Movement 1: Allegro potente
Movement 2: Adagio con serenità
Movement 3: Allegro giocoso
Movement 4: Adagio – Allegro molto turbolento
The Symphony in B minor is Boughton’s third essay in this form. The First Symphony, composed mainly in 1904, is subtitled ‘Oliver Cromwell—a character symphony’ and is overtly programmatic. Apart from a reading by the Royal College of Music Orchestra in 1905, it appears not to have been performed and the composer later withdrew it. The Second Symphony began life in 1926 as a ballet for Ninette de Valois. Recast as a symphony in three movements, it received its first performance on 25 January 1933 by Sir Dan Godfrey and the Bournemouth Symphony Orchestra.
The Third Symphony is therefore Boughton’s only sustained essay in pure symphonic form. Although his musical vocabulary and its formal application are entirely traditional—and somewhat old-fashioned even by English symphonic standards of the time—the way Boughton handles his materials is masterly. This is a symphony in the grand manner: vigorous, closely argued from well-defined thematic units and brilliantly scored for large orchestra. Though somewhat eclectic in style (the benign influence of Elgar is very apparent, while Dvorák’s Slavonic Dances make an unexpected appearance in the third movement), Boughton’s Symphony has a positive and very individual personality of its own. Each movement carries conviction and contributes to a convincing and varied whole that reserves its greatest emotional impact for the glorious peroration that brings the last movement to a triumphant close.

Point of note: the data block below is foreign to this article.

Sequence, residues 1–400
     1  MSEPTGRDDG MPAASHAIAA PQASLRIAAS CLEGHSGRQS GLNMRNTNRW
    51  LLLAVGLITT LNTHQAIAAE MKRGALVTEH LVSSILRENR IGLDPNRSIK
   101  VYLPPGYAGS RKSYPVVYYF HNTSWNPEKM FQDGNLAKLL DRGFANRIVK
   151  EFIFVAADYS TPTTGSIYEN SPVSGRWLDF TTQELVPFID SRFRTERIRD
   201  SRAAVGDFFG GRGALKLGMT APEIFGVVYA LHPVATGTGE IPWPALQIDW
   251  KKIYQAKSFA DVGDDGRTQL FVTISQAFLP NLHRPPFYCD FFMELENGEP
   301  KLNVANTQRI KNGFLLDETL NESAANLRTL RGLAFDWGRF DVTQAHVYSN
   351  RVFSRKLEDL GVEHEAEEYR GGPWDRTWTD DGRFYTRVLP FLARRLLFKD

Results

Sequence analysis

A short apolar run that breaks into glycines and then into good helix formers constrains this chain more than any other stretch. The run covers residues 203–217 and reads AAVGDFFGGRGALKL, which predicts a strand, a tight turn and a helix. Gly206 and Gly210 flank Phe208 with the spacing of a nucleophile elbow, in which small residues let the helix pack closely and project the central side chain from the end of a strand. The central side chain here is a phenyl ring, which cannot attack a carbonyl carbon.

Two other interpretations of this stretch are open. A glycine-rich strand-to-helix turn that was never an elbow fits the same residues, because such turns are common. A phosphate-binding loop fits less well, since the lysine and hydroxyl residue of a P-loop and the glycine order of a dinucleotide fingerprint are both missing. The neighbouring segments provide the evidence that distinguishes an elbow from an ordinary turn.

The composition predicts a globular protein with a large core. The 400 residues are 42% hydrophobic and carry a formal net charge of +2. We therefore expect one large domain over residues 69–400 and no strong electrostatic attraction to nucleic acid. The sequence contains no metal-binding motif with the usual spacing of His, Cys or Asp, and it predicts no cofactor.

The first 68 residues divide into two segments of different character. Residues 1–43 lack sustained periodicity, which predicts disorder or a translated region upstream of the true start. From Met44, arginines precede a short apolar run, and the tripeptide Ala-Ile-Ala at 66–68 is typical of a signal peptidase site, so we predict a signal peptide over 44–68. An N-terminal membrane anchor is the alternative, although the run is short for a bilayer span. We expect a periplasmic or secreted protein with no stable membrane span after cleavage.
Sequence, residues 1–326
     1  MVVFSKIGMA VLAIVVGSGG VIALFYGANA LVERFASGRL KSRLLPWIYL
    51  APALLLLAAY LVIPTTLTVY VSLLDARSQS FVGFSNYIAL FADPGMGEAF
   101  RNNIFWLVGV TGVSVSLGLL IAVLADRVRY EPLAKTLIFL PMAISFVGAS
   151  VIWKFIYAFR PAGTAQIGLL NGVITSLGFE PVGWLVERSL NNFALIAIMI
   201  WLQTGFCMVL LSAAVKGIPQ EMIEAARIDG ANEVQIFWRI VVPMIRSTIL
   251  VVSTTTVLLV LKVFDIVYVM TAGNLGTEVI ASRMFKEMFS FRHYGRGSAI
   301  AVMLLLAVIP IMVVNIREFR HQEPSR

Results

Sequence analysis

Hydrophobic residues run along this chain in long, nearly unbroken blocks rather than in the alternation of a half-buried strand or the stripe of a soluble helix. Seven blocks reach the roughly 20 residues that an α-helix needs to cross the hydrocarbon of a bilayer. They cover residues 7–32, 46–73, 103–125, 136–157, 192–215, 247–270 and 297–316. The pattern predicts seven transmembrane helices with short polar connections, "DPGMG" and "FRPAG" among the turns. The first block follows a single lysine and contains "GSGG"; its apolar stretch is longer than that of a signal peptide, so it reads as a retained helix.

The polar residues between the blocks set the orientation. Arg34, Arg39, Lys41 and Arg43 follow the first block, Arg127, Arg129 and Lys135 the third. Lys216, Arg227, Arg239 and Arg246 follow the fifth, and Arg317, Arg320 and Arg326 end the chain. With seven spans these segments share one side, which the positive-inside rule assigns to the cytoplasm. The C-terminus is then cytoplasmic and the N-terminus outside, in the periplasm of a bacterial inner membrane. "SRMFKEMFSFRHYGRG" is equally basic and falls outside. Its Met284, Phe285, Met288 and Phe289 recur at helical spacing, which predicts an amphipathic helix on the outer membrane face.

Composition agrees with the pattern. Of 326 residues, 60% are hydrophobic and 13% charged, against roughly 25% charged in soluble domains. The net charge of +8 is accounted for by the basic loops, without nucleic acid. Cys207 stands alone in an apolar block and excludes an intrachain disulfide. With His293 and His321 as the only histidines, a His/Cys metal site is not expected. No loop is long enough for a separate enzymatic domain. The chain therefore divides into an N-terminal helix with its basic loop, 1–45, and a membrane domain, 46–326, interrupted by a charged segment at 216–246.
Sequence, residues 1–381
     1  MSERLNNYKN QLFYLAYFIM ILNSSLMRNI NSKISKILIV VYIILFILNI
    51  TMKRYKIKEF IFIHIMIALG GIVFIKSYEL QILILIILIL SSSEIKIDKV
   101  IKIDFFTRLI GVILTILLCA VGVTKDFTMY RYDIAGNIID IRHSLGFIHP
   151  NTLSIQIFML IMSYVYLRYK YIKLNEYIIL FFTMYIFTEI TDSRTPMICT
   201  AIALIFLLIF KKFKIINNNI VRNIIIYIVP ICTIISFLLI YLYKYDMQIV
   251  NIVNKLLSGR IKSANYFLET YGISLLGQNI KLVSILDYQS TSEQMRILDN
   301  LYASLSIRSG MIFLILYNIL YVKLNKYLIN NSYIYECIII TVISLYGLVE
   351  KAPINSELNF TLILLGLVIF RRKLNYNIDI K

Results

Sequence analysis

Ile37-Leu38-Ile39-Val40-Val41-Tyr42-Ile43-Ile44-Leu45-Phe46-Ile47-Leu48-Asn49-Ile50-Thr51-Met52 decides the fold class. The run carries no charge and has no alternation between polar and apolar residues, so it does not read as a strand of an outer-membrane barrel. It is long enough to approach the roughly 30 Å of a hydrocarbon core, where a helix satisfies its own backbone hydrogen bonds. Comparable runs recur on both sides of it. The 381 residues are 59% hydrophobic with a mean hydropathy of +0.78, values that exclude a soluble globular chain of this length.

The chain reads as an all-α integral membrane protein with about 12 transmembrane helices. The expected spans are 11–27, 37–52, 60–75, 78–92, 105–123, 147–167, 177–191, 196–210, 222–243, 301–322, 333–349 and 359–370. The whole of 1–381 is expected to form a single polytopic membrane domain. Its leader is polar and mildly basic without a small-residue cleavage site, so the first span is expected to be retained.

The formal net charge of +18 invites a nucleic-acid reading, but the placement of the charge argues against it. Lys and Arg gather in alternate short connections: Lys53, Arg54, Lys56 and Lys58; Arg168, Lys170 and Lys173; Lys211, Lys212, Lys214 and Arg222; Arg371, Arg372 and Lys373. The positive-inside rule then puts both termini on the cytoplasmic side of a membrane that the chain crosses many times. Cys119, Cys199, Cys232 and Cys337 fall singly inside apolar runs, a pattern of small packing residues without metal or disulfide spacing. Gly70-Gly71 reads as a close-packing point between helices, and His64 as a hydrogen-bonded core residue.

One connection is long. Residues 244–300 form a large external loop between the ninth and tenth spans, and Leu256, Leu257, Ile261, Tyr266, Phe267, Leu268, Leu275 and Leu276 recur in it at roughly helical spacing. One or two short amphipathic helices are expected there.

from notes by Michael Hurd © 1999